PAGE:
"Make it stick," the Arts Council's drama director Jo Hodgkinson told Peter Cheeseman when he decided to back a fledgling theatre company in a seedy converted club in Stoke-on-Trent almost 50 years ago. Making it stick was Cheeseman's forte: he saw out years when his unheated theatre was so cold that even if an audience came you couldn't hear them clap because they were wearing gloves; and saw off an extraordinary attempt by his own patron, Stephen Joseph, to replace him.
He fought for 20 years to open the country's first purpose-built theatre-in-the-round, the New Vic in Newcastle-under-Lyme in 1986, and gave a home to the newly formed Lindsay String Quartet, leading directly to what is now the largest chamber music promoter outside London, the Sheffield-based Music in the Round. He also beefed up the National Council for Drama Training (NCDT), founding the pioneering Master of Fine Arts course in directing at Birkbeck, London, now led by his former associate director, Rob Swain.
But most famously he brought a new ideology to mainstream theatre-making. It emphasised local stories often told in the purest documentary form in which every word of the script had to have been previously spoken or written by the people whose stories were being told. Research was conducted by writers and actors – including, in the 1960s, the future director Mike Leigh who was infected by Cheeseman's determination to be "political and truthful", and among the actors to work with him were Bob Hoskins, Ben Kingsley, Robert Powell and Ken Campbell.
Peter Cheeseman was born in Portsmouth, but attended 10 schools as his family followed his civil servant father around the country. He "just did theatre all the time" at the University of Sheffield and, after gaining a Diploma in Education, took a short service commission in the RAF, in his words "trying to instil a love of Shakespeare in tough flight sergeants who wanted to make something of their lives after they were demobbed."
At Derby Playhouse from 1959 his jobs ranged from welcoming the audience front-of-house (his theatres thereafter were always among the friendliest in the land), to directing one in four productions. In 1961 he joined the great "prophet" of theatre-in-the-round Stephen Joseph, whose Studio Theatre Company – employing both Alan Ayckbourn and a Harold Pinter recently mauled by national theatre critics – was doing summer seasons in Scarborough and looking for a base in the Potteries. Cheeseman's role combined directing with administrative assistance and developing new theatre plans. He brought Studio Theatre to Stoke in 1962. "The rest of us just looked for digs," says Alan Ayckbourn, in the company as actor, writer and director. "Peter bought a house."
Stephen Joseph was dying of cancer and, Cheeseman believed, irrational when in 1966 he decided his protégé should be a manager, not a director. Sacked by Joseph's board and excluded from the theatre, Cheeseman amassed huge local support and his actors faithfully followed him to rehearsals in a local pub, with gratifying local publicity. Cheeseman effectively organised a coup and sacked the board. He argued that Joseph's belief that companies should be impermanent frittered away the effectiveness of the work. Joseph died in 1967.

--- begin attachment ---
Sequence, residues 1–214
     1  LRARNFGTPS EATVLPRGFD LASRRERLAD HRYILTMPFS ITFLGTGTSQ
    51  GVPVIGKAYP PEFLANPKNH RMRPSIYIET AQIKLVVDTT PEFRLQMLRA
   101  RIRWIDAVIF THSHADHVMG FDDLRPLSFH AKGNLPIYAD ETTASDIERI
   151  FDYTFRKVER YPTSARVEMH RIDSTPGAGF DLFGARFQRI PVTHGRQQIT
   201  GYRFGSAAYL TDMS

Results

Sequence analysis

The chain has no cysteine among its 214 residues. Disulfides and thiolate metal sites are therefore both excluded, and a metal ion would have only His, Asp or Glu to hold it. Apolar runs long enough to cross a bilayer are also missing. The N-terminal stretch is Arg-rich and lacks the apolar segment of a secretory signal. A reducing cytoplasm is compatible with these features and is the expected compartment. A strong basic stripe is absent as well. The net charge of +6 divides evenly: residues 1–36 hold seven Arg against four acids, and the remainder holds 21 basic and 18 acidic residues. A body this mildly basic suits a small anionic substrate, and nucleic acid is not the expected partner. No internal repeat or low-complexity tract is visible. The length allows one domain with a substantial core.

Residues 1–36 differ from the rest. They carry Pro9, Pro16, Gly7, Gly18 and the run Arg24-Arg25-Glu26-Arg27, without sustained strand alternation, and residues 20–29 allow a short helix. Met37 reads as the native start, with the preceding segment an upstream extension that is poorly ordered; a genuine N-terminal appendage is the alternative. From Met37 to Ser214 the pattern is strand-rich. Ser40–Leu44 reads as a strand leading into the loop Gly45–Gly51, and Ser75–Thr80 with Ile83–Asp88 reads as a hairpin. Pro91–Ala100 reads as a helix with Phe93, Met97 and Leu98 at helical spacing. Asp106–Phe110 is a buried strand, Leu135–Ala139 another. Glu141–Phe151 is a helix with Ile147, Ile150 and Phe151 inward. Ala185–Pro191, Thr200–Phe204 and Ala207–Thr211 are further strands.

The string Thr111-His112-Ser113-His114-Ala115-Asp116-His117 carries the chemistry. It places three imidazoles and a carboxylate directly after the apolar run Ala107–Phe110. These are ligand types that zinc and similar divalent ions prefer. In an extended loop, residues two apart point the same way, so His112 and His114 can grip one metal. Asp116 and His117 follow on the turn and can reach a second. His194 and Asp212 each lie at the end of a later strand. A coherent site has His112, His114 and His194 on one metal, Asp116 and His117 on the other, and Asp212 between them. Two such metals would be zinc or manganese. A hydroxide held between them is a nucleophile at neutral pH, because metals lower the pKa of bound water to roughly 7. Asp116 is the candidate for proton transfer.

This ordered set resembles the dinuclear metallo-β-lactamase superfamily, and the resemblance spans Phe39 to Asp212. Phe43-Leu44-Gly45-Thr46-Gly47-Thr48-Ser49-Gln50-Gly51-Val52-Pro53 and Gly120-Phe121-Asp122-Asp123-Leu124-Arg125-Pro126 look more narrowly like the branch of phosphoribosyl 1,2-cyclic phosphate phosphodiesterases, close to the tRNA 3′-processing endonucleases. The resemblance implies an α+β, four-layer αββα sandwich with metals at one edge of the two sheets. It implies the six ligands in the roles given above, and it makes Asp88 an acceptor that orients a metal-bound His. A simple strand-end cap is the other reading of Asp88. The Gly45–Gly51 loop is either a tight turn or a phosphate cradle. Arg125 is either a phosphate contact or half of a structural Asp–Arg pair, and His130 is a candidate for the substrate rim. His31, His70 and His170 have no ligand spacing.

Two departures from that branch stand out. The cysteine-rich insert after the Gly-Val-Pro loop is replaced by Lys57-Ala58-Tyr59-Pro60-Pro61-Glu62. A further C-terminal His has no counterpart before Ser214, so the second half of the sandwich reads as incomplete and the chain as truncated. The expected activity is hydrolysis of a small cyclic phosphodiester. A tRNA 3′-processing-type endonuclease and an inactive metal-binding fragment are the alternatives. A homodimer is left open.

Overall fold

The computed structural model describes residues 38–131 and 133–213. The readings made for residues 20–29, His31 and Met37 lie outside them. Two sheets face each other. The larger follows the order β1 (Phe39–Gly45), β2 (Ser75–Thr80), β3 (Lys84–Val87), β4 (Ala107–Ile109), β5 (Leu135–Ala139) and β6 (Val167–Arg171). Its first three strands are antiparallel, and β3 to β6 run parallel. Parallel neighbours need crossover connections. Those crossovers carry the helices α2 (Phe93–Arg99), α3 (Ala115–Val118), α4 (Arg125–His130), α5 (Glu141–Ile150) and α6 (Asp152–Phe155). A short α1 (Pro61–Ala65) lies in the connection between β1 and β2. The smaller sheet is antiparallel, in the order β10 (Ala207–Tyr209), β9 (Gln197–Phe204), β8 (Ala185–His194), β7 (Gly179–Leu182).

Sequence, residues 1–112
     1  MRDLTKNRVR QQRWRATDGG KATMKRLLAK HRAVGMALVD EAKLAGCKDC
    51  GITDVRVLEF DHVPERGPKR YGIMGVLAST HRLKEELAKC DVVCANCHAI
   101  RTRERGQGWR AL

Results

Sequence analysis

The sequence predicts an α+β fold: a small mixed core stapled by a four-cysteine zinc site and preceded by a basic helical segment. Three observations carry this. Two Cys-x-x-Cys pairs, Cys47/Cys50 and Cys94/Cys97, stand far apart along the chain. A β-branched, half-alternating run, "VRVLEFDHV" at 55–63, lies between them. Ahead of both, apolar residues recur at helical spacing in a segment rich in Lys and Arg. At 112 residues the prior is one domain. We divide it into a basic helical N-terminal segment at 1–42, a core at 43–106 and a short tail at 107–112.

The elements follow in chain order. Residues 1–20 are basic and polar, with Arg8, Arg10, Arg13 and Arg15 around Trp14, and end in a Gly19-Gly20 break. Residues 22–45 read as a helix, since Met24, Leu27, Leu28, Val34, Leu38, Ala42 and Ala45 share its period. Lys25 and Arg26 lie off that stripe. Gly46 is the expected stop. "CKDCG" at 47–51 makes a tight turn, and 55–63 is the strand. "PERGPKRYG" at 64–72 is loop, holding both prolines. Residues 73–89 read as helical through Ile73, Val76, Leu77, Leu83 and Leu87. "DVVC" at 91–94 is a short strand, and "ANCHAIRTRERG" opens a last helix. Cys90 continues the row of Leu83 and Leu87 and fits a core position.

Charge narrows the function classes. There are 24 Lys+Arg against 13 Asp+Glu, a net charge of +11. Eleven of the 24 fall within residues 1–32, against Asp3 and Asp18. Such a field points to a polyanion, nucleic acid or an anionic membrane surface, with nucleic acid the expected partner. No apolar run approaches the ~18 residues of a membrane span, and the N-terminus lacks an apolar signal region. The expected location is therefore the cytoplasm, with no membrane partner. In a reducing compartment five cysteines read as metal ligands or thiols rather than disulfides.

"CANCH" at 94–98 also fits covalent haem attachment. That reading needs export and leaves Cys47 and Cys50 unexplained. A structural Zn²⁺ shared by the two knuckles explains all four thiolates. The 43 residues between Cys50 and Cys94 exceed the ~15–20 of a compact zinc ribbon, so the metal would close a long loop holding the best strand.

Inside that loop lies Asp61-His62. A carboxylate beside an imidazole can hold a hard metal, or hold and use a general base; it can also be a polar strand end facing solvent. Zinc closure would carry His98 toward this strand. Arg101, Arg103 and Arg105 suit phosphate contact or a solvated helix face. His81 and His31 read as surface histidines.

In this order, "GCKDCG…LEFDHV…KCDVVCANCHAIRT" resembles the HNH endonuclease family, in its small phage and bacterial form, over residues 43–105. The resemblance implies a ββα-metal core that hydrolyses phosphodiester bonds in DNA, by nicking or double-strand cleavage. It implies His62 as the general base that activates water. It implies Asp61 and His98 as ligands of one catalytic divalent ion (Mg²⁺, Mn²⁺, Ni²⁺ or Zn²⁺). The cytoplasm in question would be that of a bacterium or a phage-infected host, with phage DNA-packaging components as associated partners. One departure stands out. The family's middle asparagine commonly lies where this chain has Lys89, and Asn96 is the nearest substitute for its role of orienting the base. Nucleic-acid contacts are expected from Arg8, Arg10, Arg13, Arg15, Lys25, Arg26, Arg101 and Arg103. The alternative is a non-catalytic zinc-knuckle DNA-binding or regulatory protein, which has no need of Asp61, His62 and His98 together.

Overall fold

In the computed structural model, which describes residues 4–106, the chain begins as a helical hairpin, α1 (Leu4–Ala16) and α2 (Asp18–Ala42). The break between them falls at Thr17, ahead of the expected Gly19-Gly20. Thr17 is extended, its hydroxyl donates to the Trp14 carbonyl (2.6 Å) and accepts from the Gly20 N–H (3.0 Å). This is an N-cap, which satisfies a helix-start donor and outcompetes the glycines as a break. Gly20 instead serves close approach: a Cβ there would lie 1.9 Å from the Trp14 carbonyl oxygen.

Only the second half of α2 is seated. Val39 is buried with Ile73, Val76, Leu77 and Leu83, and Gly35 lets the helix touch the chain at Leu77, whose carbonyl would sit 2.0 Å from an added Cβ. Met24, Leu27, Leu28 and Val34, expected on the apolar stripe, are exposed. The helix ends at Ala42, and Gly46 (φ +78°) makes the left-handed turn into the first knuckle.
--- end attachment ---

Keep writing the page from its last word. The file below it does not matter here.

Poles apart temperamentally, Cheeseman and Ayckbourn became the twin apostles of theatre-in-the-round and – at a distance – developed a strong mutual respect. Cheeseman produced the first Ayckbourn play to transfer to London, Mr Whatnot, and subsequently reflected that "Alan Ayckbourn is the second annual subsidy for British theatre after the Arts Council." Ayckbourn said recently that Cheeseman's sheer passion for theatre "inspired many, including me."
Cheeseman produced 392 main house productions at the Vic and then New Vic theatres, directing 147 himself. They included 11 musical documentaries using locally based folk musicians. At least one, The Fight for Shelton Bar, played its part in the temporarily successful campaign to save a local steelworks. The most popular was The Knotty, the story of the North Staffordshire Railway, revived last year at the instigation of a sponsor.
The late Joyce Holliday, whom Cheeseman had married in 1955, compiled documentaries and adapted Arnold Bennett's Potteries novels for the theatre. New work proliferated – there were 16 collaborations with Peter Terson alone – but there was also Shakespeare, Ibsen, Molière, Brecht and Greek tragedy. Informality ruled. Persuaded that theatregoers were entitled to a drink, he insisted on real ale. Allowing critics to phone their reviews through from theatre offices, the stocky, bearded figure in a woolly jumper would cheerfully eavesdrop on their dictation. Appointed a CBE on his retirement from the New Vic in 1998, he threw himself into work on the theatre archive and with the NCDT.
He is survived by his two daughters with Holliday, Kate and Betsy. In 1985 Cheeseman married the actor Romy Saunders, who continued to work with him in recent years, particularly in the family shows devised with the Lindsay String Quartet: specially commissioned stories integrated with the music that inspired them. Romy survives him with their daughter Chloe.
Peter Cheeseman sometimes worried privately about a later Arts Council drama director's reported view that he was "worthy but dull," but when the Vic was firing on all cylinders it was individual and exhilarating. His drive to connect theatre with its own community has had an impact that is indelible far beyond the Potteries.
Peter Barrie Cheeseman, theatre director and campaigner: born Portsmouth 27 January 1932; married 1955 Joyce Holliday (divorced 1985, died 2002; two daughters), 1985 Romy Saunders (one daughter); CBE 1998; died 27 April 2010.